Although I do a lot of climbing, I don’t care for it. I pedal for the downhill. In this category the Samurai 65 exceeds my expectations. In the beginning, while figuring out the correct tire pressure, I went through a few rides where things were a bit bouncy. Once I dialed in the right amount of air, things got heavenly. At times, I feel like I’m on a full-suspension bike. I know that sounds like a bunch of bull, but it’s true. The rear does not have that harsh feel I expected it to. My previous hardtail was carbon where this one is steel, maybe that makes up for some of the difference. Maybe I’ve learned how to pick a smoother line or absorbs shocks better with my legs. I don’t know, I only know the ride is surprisingly smooth on board my Samurai.
The 160mm Pike up front makes for confidence inspring downhill. The Samurai absolutely feels at home with this size fork. Not only does it allow me to soak up bigger hits but set the frames head angle at a pleasant 66.7 degrees. At first I thought this wouldn't be slack enough, but I was mistaken. The Samurai 65 paired with the 160mm fork is a killer combo. It wants you to pick the gnarliest, most steep line you can find. I’ve ridden other bikes that argue with you the whole way down. They complain and fight against you. Not the Chromag. This bike is so comfortable and confident on the down. Loose gravel, sharp rocks, dry, wet, muddy, roots, the Samurai loves it all.
Cornering has always been a weakness for me. I tend to come out of corners with to much weight on the back of the bike, and to little up front, losing speed and traction. The Samurai has changed all this. Maybe it's the nature of a hardtail, the loss of rear suspension forcing you to ride more centered on the bike. Now, instead of coming out of turns with my weight shifted back, I'm exiting corners centered and balanced, with pressure on my front wheel guiding me through the corner. Where before I was afraid to commit, now I’m finishing corners with more speed. In this case, I would agree that riding the hardtail has absolutely helped developed my skill.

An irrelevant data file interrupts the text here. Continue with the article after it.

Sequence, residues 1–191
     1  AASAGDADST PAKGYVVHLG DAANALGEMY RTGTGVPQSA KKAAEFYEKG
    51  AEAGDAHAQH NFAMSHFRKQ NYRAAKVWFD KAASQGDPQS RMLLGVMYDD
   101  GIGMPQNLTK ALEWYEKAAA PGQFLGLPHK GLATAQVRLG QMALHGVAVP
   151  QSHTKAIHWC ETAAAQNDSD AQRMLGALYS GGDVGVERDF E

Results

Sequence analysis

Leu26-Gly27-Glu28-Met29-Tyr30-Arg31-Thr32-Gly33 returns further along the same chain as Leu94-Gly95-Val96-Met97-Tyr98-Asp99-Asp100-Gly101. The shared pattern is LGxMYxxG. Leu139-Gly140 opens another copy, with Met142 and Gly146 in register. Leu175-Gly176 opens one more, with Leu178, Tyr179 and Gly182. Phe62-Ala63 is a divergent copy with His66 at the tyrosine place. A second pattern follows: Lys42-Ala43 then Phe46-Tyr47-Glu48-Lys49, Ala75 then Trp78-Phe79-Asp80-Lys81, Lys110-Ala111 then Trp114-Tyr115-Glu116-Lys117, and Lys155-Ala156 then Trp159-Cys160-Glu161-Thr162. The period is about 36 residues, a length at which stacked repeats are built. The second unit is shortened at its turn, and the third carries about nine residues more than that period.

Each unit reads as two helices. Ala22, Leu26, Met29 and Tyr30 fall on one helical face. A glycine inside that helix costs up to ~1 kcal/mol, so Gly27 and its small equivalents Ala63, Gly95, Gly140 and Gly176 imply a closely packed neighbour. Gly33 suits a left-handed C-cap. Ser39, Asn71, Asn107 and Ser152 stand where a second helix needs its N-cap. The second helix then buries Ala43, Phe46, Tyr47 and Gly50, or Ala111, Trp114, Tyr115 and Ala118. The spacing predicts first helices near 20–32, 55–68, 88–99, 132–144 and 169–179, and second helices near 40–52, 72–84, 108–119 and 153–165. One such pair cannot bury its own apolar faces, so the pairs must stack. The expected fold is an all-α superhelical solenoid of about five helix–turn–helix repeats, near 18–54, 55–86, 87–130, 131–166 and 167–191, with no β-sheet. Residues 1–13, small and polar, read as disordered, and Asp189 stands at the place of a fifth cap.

Some of my recent improvement in cornering I owe to tire choice. Changing things up this time around, I went with a WTB Vigilante up front and Specialized Purgatory Grid at the rear. Both tires stick well, uphill and down. I never once felt they were slipping, either in the loose dirt of the desert or mud caked roots of Hawaii. The Vigilante doesn't shed mud as well as the Purgatory but it also doesn't pack up enough to interfere with the ride. My only complaint is the Vigilante’s sidewalls are pretty thin. This causes the sidewall to fold easily at high speeds. In rougher terrain with sharp rocks I can see them getting chewed up easily. As far as traction though, spot on! The other day found me riding a favorite spot with plenty of wet roots in the corners. Traction was so good I mentioned to my buddy that I needed to trust my tires more and pick up the speed!
Is the Samurai 65 for you? It may be or may not be. If you’ve been looking at all-mountain hardtails I say go for it, you won’t be disappointed. If you have been considering a hardtail in general the Samurai 65 is a fun bike that gives you the benefits of a hardtail while still maintaining many of the characteristics of your full-suspension trail bike. And to top it off, Chromag offers their overseas version, the Wideangle, for half the price of the Samurai 65. They are also a pleasure to work with.
I’ll happily spend all day in the saddle on my Samurai, riding whatever the trail throws in my path and always feel like I’ve brought the right bike. I can prove it with the smiles.